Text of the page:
This is a niche project if ever there was one – preserving the neon signs of Cold War Poland. However, the country’s first (and we’ll venture only) neon museum, in Warsaw, attracted 10,000 visitors in one night at a recent event, which isn’t to be scoffed at. Neon signs can say a lot, and that’s one of the reasons as to why they are so alluring to tourists. The best custom neon signs can make you feel a bit of magic when you look at them, encouraging you to stand and stare for a little bit before entering the shop. Neon lights for home also give an attractive appearance and have a particular charm.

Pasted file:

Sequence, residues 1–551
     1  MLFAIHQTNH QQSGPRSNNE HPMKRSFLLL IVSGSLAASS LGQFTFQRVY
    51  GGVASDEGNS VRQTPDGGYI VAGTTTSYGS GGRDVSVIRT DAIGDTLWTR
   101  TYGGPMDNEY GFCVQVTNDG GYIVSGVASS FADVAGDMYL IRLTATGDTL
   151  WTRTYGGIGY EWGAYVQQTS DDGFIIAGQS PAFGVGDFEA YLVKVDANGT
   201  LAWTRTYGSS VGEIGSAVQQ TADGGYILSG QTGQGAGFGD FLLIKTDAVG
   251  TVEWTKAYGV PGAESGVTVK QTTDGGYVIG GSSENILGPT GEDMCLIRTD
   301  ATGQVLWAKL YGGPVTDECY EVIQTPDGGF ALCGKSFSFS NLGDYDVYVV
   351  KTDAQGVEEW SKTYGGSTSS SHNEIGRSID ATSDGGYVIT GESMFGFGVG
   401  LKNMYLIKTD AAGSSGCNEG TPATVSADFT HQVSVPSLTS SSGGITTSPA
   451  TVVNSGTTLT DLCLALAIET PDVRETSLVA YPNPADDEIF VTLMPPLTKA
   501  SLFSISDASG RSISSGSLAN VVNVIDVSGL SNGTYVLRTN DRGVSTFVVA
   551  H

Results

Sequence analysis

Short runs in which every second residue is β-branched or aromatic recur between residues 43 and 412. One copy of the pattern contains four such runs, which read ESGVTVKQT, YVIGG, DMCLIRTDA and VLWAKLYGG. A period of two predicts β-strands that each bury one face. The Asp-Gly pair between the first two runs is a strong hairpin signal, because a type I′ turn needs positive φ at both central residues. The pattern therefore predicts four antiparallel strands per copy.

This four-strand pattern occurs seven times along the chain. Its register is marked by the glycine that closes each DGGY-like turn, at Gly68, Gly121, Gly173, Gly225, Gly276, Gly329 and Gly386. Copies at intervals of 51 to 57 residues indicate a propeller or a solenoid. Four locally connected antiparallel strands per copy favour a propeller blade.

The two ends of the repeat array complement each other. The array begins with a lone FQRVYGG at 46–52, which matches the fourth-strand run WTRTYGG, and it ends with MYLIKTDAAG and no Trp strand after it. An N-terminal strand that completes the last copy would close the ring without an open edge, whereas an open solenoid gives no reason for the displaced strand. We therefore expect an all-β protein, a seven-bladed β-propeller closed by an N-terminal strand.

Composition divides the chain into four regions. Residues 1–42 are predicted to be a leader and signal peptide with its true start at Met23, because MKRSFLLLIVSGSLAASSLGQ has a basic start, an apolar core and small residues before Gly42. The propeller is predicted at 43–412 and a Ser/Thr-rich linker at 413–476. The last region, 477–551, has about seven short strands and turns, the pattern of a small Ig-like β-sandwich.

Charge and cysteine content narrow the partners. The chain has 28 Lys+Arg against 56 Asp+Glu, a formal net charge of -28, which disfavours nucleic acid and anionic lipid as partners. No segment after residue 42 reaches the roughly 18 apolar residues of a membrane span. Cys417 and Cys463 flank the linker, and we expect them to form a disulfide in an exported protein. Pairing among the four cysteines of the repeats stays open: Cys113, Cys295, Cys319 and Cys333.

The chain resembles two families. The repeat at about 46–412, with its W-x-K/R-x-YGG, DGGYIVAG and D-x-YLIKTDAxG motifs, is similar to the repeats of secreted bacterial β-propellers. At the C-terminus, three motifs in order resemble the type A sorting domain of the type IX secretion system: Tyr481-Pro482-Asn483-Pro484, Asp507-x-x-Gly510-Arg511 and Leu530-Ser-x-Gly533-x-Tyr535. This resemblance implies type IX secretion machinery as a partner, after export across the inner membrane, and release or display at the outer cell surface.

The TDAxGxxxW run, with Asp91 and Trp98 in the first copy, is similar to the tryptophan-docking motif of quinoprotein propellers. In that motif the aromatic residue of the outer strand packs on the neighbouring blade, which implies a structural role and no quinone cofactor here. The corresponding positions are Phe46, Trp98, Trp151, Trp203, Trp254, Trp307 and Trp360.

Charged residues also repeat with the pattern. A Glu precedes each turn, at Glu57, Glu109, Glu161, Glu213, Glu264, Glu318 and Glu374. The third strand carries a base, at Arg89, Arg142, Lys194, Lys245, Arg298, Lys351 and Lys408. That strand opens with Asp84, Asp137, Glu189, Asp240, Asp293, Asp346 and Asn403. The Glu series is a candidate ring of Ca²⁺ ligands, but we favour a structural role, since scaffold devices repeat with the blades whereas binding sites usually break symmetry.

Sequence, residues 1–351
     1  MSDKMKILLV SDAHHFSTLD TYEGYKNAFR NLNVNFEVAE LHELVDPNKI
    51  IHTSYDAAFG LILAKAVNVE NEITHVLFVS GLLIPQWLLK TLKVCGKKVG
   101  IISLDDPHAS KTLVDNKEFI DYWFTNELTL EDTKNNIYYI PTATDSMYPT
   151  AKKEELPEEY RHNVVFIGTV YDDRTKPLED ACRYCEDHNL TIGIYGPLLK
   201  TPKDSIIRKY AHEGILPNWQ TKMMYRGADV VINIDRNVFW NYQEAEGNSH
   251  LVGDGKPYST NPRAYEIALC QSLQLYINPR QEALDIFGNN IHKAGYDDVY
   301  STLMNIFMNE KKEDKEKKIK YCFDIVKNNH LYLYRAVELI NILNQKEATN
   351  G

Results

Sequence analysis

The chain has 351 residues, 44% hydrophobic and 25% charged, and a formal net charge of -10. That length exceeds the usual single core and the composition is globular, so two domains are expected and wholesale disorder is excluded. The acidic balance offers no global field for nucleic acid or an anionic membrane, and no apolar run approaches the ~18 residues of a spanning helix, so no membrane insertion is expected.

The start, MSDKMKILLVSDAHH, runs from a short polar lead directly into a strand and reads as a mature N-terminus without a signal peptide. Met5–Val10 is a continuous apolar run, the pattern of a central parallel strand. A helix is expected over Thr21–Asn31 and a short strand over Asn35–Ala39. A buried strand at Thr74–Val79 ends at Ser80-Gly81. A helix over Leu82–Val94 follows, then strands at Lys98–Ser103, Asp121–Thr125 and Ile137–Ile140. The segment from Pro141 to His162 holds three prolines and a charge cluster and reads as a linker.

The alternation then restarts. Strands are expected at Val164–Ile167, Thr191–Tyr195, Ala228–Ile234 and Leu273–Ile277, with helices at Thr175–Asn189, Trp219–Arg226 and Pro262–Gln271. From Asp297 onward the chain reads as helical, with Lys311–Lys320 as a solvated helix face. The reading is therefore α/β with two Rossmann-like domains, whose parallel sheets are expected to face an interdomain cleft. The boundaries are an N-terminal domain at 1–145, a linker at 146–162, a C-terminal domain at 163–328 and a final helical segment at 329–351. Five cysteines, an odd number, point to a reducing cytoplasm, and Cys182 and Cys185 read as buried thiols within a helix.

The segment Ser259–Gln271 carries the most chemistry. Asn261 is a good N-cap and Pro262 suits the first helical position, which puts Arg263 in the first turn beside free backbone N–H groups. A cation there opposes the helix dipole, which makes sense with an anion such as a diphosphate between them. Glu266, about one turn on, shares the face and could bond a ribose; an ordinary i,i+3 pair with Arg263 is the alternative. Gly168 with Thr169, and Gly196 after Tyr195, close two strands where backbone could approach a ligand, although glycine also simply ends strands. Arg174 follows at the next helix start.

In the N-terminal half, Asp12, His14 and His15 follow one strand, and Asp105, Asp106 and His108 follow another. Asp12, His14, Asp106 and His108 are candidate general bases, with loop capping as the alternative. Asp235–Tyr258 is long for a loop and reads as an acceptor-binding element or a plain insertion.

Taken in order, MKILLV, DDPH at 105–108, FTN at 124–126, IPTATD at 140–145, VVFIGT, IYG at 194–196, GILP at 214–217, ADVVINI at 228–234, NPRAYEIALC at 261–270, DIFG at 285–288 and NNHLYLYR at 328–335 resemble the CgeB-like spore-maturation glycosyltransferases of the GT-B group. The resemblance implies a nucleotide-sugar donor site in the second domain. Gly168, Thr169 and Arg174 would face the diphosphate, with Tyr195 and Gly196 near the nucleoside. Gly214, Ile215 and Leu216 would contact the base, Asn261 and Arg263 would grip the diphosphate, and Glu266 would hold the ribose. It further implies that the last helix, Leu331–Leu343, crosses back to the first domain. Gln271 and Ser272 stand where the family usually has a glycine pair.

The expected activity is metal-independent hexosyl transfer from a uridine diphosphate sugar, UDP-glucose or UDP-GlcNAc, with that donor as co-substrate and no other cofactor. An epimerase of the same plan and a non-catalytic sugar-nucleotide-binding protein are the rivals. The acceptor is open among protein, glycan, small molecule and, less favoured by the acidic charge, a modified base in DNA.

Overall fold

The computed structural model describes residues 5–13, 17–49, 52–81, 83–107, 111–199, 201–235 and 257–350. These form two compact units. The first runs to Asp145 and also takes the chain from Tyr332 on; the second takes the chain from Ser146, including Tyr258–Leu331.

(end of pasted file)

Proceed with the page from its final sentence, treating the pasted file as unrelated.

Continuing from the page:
Leaving aside some controversial political policies, as only those born into democracy can, the USSR left its mark all over Eastern Europe with characteristically stark architecture, but on the fringes of the empire the co-opted comrades of Poland were determined to keep the fire of independence burning and inject some colour into their lives. What better way than a sometimes gaudy, yet often extremely stylish, arrangement of glass tubing and noble gases?
Maintaining the signs in situ where possible, this privately-funded project tugs at the heartstrings of nostalgia for Poles, while for international tourists it’s a chance to peer back in time, behind the Iron Curtain into the previously shrouded world of Warsaw nightlife. Neon Muzeum is in Building 55 of the city’s Soho Factory complex.